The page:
Portfolio One Re-updated August, 2017

Portfolio One was re-updated as of August 2017 to reflect three sales.  You can see the details here or click on the link on the right.

The portfolio recently sold three stocks (BOX, TTM and KO) and has $6349 in cash.  There is another analytics worksheet which is also linked to the underlying central spreadsheet (calculated).

Portfolio One Updated August 2017

Portfolio One is our longest lived Portfolio.  We opened it right after 9/11… meaning that it is almost 16 years old.  This portfolio has moved from the trustee to the beneficiary’s account, but we also still set it up so that the trustee has agency (can see the portfolio, buy and sell).

The beneficiary contributed $7500 and the trustee $15,500 for a total of $23,000.  The current value of the portfolio is $44,883 for a gain of $21,883 or 95%, or 7% / year adjusted for the timing of cash flows.  Go here or to the link on the right for details.

The portfolio is doing well.  We added some criteria and filtering for stocks “at risk” (BOX, Budweiser Inbev and Exxon) or “on watch” (Tata Motors / TTM).  BOX has doubled recently and is down a bit; BUD just finished a major merger but Exxon is near 5 year lows and a bit controversial due to politics.  Tata (TTM) is one we will look at closely.

Portfolio Four Updated July, 2017

Portfolio four is almost 8 years old.  The beneficiary contributed $4000 and the trustee $8000 for a total of $12,000.  The current value is $15,082 for a gain of $3,082 or a 5% rate of return, adjusted for the timing of cash flows.  See detailed PDF here or go to the link on the right side of the page.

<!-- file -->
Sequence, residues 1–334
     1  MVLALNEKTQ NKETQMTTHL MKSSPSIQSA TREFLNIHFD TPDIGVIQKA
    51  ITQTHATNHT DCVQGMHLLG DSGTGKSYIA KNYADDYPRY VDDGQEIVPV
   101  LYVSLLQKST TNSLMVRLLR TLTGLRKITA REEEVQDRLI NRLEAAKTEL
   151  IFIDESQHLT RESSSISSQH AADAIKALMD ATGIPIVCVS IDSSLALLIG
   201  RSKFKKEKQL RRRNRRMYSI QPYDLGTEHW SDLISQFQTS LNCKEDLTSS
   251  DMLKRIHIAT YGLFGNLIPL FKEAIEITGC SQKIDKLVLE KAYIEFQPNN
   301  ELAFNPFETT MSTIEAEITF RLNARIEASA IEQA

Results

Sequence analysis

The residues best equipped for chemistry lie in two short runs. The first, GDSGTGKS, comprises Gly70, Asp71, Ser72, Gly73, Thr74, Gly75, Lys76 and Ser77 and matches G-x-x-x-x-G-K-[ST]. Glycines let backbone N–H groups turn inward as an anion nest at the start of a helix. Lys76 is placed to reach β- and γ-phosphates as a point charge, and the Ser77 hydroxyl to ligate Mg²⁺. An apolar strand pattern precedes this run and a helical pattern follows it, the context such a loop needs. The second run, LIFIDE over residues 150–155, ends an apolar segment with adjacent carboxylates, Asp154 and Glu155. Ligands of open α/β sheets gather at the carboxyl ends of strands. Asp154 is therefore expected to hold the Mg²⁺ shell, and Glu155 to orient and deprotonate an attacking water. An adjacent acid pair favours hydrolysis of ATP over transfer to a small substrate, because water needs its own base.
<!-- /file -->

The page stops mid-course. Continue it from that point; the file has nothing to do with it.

The portfolio has some technology stocks that are doing quite well, which include Box and Oracle (you could also call Tesla a partial technology stock, as well).  The oil stocks of Devon, Shell and Statoil have generally been hit by the continued fall in oil prices.  The stock prices of Shell and Statoil have held up better than Devon because they kept their high dividends; Devon cut their dividend and has continued to fall (there are other factors at play as well).

It is important in all these portfolios not to just look at the current share price when compared with the purchase price; you need to take into account dividends, as well.  The oil stocks look bad on stock price alone but when cumulative dividends paid are tracked as well, the situation is much better.  That does not mean that we should hold stocks just for the dividends, but it is a very important factor in long run performance.  To date this portfolio has earned $1735 in dividends, which makes up more than half of the total return earned to date.

Portfolio Four Updated March 2016 – Tax Time

Portfolios four and five are 6 1/2 years old.  The beneficiary contributed $3500 and the trustee $7000 for a total of $10,500.  The current value is $10,137 for a loss of ($362) or (3.5%).  Adjusted for the timing of cash flows performance is (1%) negative a year.  See here for a spreadsheet with details or go to the link on the right.

We sold Seaspan (SSW) and Garmin (GRMN) this year.  We purchased Box (BOX), Novartis ADR (NVS), and Tesla (TSLA).